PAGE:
In the 2003 Iraq war, precision munitions demolished 12 of Baghdad's 38 telephone-switching central offices, as well as four key exchanges outside of Baghdad. At the same time, the coalition did its best to avoid damaging Iraq's electric power system at all.
Yet today, three years after the officially declared end of major combat operations, Iraq's electrical system remains hobbled by an array of problems, while its communications networks have begun to flourish. According to the Brookings Institution, in Washington, D.C., there are now more than 4.6 million wireless and wire-line telephone subscribers in Iraq--five times as many as there were before the war. And Internet use has jumped even more steeply, from an estimated 4500 tightly monitored and restricted subscribers before the war to some 150 000 unmonitored and unrestricted subscribers today. Many thousands more don't have connections of their own but use the Internet at cafés and other public locales.
The reasons behind this stunning disparity between the electrical and telecom sectors are many. The vicious insurgency has wreaked enormous destruction on the electrical system, and bureaucrats made some bad decisions at the outset of the electrical restoration effort [see "Re-engineering Iraq," IEEE Spectrum, February]. Clearly, too, privatization has been used to great effect in telecom but not at all in electricity.
For example, almost all of Iraq's growth in telephone subscribers since the war is due to new wireless users--more than 3 million since the spring of 2003, when the country had no large-scale wireless systems usable by ordinary citizens. And all of Iraq's new wireless networks were built and are being operated by private companies. All of them are subsidiaries of non-Iraqi wireless companies or partnerships with non-Iraqi companies.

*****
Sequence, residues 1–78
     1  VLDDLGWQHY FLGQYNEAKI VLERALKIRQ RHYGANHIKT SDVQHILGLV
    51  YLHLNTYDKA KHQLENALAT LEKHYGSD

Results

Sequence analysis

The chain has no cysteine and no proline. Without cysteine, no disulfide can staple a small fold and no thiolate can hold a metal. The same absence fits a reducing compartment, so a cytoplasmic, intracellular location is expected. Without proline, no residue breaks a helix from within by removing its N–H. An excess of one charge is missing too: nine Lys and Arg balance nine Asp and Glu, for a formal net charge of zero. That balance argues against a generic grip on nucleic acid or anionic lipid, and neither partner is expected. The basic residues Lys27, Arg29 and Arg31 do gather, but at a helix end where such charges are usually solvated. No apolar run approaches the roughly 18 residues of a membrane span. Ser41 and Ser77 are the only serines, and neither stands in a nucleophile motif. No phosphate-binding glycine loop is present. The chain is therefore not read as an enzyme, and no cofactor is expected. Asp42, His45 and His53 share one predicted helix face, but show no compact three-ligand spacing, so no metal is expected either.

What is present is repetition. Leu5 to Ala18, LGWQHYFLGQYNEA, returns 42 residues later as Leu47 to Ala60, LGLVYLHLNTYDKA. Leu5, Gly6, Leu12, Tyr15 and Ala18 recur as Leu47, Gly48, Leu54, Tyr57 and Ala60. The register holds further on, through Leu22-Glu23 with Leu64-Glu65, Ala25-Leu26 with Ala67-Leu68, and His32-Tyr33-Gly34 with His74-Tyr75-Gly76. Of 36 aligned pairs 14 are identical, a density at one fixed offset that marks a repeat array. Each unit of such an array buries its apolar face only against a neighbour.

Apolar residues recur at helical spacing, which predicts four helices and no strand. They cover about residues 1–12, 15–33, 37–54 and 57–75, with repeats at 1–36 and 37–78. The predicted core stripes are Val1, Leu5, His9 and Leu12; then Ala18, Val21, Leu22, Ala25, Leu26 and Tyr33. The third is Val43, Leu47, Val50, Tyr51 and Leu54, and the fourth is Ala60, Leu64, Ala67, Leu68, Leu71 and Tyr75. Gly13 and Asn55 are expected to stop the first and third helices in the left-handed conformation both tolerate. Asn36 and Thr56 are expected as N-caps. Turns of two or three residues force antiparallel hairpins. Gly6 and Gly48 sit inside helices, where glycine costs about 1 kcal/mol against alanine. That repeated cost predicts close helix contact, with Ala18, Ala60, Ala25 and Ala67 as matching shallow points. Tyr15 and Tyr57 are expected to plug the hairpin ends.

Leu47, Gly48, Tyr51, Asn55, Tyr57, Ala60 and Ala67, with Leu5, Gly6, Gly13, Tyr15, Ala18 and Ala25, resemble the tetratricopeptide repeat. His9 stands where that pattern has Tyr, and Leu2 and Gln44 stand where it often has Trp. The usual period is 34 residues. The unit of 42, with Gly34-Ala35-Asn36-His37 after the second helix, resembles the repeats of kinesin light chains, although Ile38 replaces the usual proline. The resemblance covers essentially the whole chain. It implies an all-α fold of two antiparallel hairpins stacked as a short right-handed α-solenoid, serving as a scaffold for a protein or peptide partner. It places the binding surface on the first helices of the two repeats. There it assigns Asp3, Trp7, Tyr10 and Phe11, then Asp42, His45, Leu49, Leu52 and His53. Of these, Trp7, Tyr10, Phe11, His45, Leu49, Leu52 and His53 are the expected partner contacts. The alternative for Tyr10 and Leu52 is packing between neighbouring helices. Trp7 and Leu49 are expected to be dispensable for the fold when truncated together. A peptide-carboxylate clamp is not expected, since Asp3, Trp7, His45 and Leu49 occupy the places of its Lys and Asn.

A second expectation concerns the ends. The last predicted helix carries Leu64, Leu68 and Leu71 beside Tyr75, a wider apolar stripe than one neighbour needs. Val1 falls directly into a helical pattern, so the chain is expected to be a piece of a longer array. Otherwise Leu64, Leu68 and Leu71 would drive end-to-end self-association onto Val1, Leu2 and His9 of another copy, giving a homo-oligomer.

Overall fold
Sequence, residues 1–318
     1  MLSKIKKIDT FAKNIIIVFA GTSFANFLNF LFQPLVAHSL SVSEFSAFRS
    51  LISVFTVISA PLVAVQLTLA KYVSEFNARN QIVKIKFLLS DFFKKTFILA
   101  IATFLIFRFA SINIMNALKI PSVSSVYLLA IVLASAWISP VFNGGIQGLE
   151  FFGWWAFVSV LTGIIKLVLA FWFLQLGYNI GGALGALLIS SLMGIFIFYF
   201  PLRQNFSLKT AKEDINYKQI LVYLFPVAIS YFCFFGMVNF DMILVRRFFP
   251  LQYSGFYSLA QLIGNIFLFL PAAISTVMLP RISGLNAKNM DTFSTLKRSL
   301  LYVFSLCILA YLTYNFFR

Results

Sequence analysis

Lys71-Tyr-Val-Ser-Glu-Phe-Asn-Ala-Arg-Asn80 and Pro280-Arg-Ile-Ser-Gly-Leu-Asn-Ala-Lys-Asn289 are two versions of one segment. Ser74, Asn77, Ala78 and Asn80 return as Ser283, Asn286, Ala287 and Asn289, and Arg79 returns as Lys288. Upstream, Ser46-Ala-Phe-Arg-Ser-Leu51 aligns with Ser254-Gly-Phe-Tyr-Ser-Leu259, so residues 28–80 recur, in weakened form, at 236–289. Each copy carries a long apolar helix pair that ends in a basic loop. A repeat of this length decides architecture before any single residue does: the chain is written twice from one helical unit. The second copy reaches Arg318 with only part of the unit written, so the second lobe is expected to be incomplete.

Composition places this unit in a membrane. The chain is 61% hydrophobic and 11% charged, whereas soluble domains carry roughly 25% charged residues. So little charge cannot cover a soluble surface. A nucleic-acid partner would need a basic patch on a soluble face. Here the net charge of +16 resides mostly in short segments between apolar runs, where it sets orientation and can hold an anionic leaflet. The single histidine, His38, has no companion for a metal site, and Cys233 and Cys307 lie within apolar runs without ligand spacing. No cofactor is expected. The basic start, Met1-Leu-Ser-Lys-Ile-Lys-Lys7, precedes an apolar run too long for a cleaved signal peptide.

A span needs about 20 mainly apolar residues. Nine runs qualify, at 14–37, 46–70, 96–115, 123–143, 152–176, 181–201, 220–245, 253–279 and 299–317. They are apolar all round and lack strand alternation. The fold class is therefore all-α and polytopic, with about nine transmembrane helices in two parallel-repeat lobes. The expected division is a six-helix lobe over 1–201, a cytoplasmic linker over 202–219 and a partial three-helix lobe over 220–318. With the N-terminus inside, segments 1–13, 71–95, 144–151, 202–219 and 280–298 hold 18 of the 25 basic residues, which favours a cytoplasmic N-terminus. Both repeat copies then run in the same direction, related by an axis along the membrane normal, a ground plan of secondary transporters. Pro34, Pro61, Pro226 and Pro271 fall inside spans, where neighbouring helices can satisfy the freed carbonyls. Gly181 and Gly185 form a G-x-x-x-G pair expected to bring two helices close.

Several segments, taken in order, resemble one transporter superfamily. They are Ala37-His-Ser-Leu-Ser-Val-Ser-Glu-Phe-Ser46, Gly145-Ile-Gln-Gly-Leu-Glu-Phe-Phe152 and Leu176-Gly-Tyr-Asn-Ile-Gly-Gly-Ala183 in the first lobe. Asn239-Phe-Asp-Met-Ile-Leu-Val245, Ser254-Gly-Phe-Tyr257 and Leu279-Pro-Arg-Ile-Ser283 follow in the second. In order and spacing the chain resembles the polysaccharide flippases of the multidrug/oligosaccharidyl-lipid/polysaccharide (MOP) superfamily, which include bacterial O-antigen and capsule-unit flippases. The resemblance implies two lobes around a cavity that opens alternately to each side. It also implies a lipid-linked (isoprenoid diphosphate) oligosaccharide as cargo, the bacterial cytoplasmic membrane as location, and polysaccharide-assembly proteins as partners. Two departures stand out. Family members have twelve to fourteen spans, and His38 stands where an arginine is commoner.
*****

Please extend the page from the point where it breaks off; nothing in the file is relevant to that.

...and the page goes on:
Like it or not, Iraq is charging toward a communications system that is private and fundamentally wireless. "The reality is that mobile telephony is becoming the foundation of telecommunications in Iraq," says an Iraqi-born telecom engineer during an interview in Baghdad. "Many people cannot get a landline, so they're going mobile," adds the engineer, who works in Baghdad for the U.S.-based consulting firm Bearing Point. "Whole businesses are operating with cellular phones as the only means of communications."
This coming June, the Iraqi National Communications and Media Commission, a government regulatory body similar to the U.S. Federal Communications Commission, expects to award each of three companies a license granting the right to operate a cellular telephony business in Iraq for the indefinite future. The three licenses will replace temporary ones issued in December 2003 by the Coalition Provisional Authority (CPA), which governed Iraq in the war's aftermath. Even more ambitious, the Iraqi regulatory body has begun working with foreign companies, including Ericsson, Lucent, MCI, Siemens, and the Chinese firm Huawei Technologies, to study the feasibility of deploying a nationwide wireless local-loop system. It could, in effect, gradually replace the country's wire-line phone network, potentially leaving Iraq with a copper-wire-free telephone system some day. Based on WiMax, the IEEE's wireless data transmission standard that carries the designation 802.16-2004, the proposed wireless local-loop system would be one of the first--possibly the first--such system deployed throughout a country.